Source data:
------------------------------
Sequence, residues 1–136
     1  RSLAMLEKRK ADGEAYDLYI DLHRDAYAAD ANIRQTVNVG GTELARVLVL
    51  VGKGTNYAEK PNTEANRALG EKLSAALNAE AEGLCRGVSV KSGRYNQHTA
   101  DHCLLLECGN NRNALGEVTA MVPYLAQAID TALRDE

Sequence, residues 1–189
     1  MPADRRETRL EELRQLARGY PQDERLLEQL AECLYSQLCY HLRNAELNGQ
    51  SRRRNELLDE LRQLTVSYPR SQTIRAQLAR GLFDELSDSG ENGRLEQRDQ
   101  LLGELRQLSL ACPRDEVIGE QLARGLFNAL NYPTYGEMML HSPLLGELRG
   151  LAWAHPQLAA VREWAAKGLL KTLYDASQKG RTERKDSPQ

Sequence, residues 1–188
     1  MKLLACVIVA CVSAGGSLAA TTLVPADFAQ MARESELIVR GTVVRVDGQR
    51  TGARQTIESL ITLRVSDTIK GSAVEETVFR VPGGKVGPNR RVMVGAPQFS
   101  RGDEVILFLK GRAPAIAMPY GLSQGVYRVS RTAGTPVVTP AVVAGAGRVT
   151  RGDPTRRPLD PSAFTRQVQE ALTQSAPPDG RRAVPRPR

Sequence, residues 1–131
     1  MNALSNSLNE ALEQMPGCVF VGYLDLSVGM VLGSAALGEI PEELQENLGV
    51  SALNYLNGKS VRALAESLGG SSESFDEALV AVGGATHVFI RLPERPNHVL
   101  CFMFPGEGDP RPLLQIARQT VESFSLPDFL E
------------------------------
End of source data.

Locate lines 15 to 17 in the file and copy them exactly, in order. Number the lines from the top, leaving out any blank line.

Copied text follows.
Sequence, residues 1–131
     1  MNALSNSLNE ALEQMPGCVF VGYLDLSVGM VLGSAALGEI PEELQENLGV
    51  SALNYLNGKS VRALAESLGG SSESFDEALV AVGGATHVFI RLPERPNHVL